Movie Review: 'The Birth of Innocence' | Film | Seven Days | Vermont's Independent Voice

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Movie Review: 'The Birth of Innocence'


Published October 3, 2022 at 11:56 a.m.
Updated October 5, 2022 at 10:06 a.m.

Still from 'The Birth of Inoocence' - COURTESY OF HORACE WILLIAMS
  • Courtesy of Horace Williams
  • Still from 'The Birth of Inoocence'
Remember those early days of the pandemic when the world seemed to screech to a standstill? The world was … quiet. You could hear yourself think.

If you had the privilege, what did you do with that quiet time? Make bread? Go for long walks? Take up a new hobby or craft? Meditate? Question your existence? Question capitalism? All of the above?

Vermont-made film The Birth of Innocence is aimed directly at the people who, like U2, still haven’t found what they’re looking for. As the documentary points out, that’s most likely because they’re looking in the wrong places — such as U2 song lyrics — and end up going through the motions of what society expects of them. That means lining up, sitting in rows at school and work (and movie theaters), and, when they die, being buried in rows.

Close to two decades after it was conceived, The Birth of Innocence is currently on a limited run of movie theaters throughout the state. Available on multiple streaming services, it’s won awards at 11 film festivals around the globe, including a nod for best director and top honors as an experimental film.

The Birth of Innocence, directed by Malcolm H. “Mac” Parker and produced by Horace Williams, is not your typical movie.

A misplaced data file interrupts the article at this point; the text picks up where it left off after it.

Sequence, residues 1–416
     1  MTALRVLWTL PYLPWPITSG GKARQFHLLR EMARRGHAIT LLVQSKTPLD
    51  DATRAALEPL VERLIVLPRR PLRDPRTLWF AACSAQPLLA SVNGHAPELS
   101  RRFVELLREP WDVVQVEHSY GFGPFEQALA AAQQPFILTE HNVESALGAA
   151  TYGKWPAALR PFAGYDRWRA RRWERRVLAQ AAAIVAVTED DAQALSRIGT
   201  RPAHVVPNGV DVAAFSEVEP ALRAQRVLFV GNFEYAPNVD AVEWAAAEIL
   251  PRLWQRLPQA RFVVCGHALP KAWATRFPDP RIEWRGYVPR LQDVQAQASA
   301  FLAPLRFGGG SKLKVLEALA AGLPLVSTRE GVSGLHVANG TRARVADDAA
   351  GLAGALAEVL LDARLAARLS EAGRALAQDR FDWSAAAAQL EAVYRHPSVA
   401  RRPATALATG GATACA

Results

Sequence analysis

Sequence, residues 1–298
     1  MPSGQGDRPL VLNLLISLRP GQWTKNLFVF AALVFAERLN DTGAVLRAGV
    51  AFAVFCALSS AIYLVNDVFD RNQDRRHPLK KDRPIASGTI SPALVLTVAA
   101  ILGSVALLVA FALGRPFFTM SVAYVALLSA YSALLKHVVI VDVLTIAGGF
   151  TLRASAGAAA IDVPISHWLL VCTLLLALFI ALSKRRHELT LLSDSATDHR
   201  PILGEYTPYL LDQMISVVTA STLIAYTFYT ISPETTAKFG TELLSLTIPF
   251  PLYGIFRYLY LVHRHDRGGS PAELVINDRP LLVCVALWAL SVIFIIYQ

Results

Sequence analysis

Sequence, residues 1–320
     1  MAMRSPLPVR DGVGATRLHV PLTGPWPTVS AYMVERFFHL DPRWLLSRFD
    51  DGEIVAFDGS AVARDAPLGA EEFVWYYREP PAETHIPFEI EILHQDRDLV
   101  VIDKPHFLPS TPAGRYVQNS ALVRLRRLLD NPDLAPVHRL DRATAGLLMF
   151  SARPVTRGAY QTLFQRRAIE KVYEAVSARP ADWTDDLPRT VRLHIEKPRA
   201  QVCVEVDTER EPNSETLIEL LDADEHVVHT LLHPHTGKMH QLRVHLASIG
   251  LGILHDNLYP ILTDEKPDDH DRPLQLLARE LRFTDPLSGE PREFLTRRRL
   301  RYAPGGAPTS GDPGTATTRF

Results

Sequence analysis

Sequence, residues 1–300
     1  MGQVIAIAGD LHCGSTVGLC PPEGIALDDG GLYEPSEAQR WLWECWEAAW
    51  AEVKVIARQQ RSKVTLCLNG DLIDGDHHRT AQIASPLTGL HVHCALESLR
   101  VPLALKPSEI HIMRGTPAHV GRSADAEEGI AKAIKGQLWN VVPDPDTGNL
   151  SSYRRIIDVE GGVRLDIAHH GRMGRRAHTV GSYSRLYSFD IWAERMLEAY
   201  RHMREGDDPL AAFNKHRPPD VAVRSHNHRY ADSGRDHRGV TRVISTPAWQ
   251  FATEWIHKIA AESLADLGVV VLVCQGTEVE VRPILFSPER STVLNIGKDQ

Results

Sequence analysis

The experimental film opens with a black screen and ends with one. In between, the viewer experiences an hour of meditative musings, affirmations and beautiful imagery from nature: nebulae and other parts of our vast universe (thanks, NASA!), sweeping views of various Vermont lakes and mountains, the requisite butterfly hatching from a chrysalis (because metaphor) and more. The narration at times verges on clichéd affirmations and saccharine language masquerading as spiritual prompts. I said verges.

The film is partially narrated by Don Miguel Ruiz, author of The Four Agreements: A Practical Guide to Personal Freedom and a spiritual teacher who’s been featured on “Super Soul Sunday” with Oprah Winfrey. Ruiz is the voice of “human experience,” while Vanya Vermani is the childlike “voice of stillness,” which is heard early in the film and again toward the end.

Ruiz leads filmgoers through a series of questions and challenges centered on how we’ve lost touch with our inner creative spirit, our “source” and our desire to keep learning throughout life. “We have grown arrogant,” he observes. “We insist we know all there is to know.”

Still from 'The Birth of Inoocence' - COURTESY OF HORACE WILLIAMS
  • Courtesy of Horace Williams
  • Still from 'The Birth of Inoocence'
The film doesn’t pretend to know the answers. Thankfully, it doesn’t espouse any single spiritual denomination, nor does it try to sell the viewer on a meditative practice or wellness product. It also doesn’t appropriate other cultures’ approaches to enlightenment or meaningful spiritual connection and repackage them for white audiences.

Rather, The Birth of Innocence is about learning to unlearn that which holds us back and keeps us from embracing an inner self that has always been there and always will be. It’s been with us since birth, the film tells us.

That’s perhaps why another “Super Soul Sunday” featured guest, Brother David Steindl-Rast, a world-renowned author, scholar and Benedictine monk, is one of the film’s many fans. His blurb of support was read aloud ahead of the film’s recent screening at Essex Cinemas.

“We live in a time when everything seems to fall apart because the center will not hold,” the statement reads, echoing the famous line from William Butler Yeats’ poem “The Second Coming.”